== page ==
Thursday, January 19, 2017

Inspiring Creativity

When my oldest daughter received her ipad for her birthday, she discovered iMovie.  Within a few weeks, she had created a few fun trailers that made us all laugh.  Then, my son asked to use my camera to make a stop-motion lego animation movie.

I began the search for resources to help them pursue this new interest of theirs.  I found two great books for their specific interests. 

The first is titled Animation Lab for Kids by Laura Bellmont and Emily Brink.  Ms. Bellmont and
Ms. Brink are artists and art educators.  This book is perfect for art educators trying to teach a small class or a small group of students about animation from the base up.  

But, I am not an art educator.  I was a classroom educator and am now a homeschooler.  Is this a good book for me?  for other home educators like me?  Yes, but it isn't one that you can just pick up and run with.  What I know about homeschoolers is that we become students of our students.  We often have to learn how to teach our children what they want to know or explore new things together with them.  Animation is one of those things for me and I suspect it is for many parents!  

This book had tons of great directions and activities in it.  The children in the pictures of this book look to be about ages 6-8.  But, I think that the activities in this book would be much better suited to children ages 8-12 years old.  

I did several of the activities with my children who are in that age range.   I learned several things.  The most important of which is to do each activity yourself first.  The authors include basic directions, but in order to teach students how to do these projects it would be wise to make each of the projects yourself first and see what makes a project work or not work.  For example, with the zoetropes--project #1.  I learned in doing the project that it needed to be done in pen, pencil wasn't dark enough.  There also needed to be a progression, not a back and forth.  My kids enjoyed the project and so did I.  To introduce the project, I showed a video about Pixar's Zoetrope that was very interesting!

And then we commenced on our project!  Our zoetropes were successful.  I learned that 1.  Don't draw the pictures in pencil--they must be drawn in color or black ink to be easily seen.  2.  It is helpful for kids to draw the number of pictures they need on a separate sheet of paper first and then on the zoetrope paper.

Over the following weeks, we've done several more projects.  I've noticed a couple of things.  My artist daughter runs with the projects.  (It's her zoetrope above.)  Last week, we made a downshoot animation project.  Below are my oldest daughter's pictures.

There were several more pictures in between that when strung together form an animation sequence.  In doing this project, I noticed several things about this book.  My daughter ran with this project.  The projects in this book lend themselves to huge creative explorations.  The projects plant seeds of how to do things.  My daughter thought of changing the size and angle of the girl on the bird in the pictures.  I didn't tell her to do that.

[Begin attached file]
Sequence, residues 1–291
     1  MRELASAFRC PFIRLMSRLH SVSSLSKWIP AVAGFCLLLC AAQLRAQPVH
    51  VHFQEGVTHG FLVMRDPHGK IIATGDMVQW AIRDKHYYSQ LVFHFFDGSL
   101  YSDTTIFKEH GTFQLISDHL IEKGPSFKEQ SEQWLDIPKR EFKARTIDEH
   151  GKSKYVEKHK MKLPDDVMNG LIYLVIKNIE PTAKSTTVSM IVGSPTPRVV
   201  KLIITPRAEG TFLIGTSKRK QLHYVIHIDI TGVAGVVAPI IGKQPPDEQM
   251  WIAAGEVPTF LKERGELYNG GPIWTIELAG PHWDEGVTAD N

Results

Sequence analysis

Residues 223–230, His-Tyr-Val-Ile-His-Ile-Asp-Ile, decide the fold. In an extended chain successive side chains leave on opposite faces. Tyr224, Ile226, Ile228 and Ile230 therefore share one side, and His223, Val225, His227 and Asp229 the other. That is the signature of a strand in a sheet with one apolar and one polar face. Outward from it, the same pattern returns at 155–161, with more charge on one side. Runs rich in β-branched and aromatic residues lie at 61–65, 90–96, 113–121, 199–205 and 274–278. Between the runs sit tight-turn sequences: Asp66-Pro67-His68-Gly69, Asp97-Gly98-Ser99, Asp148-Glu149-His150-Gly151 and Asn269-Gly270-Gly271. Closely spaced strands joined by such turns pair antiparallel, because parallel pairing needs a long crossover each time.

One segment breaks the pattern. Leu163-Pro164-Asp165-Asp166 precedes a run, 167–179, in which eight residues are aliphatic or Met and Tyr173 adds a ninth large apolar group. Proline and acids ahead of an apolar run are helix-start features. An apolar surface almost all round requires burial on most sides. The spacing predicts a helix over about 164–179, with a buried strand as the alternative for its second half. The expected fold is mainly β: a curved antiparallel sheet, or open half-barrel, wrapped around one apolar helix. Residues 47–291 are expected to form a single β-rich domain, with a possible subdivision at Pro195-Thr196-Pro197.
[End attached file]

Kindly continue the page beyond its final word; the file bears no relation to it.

After seeing my daughter run with this project, I realized that this book was written by art educators--and so art educators will read these directions in the book and run with them-- like my daughter did.  For me, someone who loves art but isn't trained as an art educator, I needed to do the projects ahead of time and still need to be flexible when I hit snags with a project.  Doing the projects helped me see what extra directions I needed to give and what set up I needed to do before class.

I love this book because it is the perfect low-tech jumping off point to introduce my kids to animation.

In the case of my son, his creativity is focused on legos.  So, I found an animation book at his level focused specifically on Legos.  For Christmas, we gave him The Lego Animation Book: Make Your Own Lego Movies! by David Pagano and David Pickett.  My son is only in 3rd grade so this book was perfect for him.  He had checked out Brick Flicks! from the library, but that book is written at a high school/adult reading level.  He sunk his teeth into that book, but it was tough for him--which is why I went looking for another book.

The Lego Animation book, on the other hand, was perfect.  The formatting and directions on how to make a Lego movies.  There were even pictures to show how to build some things and pictures to show simple sequences.  That is something that was missing from the Animation Lab for Kids Book.  I think this book is perfect for kids 8-13 years old.  It's very accessible and easy to follow.  The formatting makes the text easy to focus on and understand.

Please note that I received a copy of Animation Lab for Kids from the publisher for review, but this review is my own opinion.

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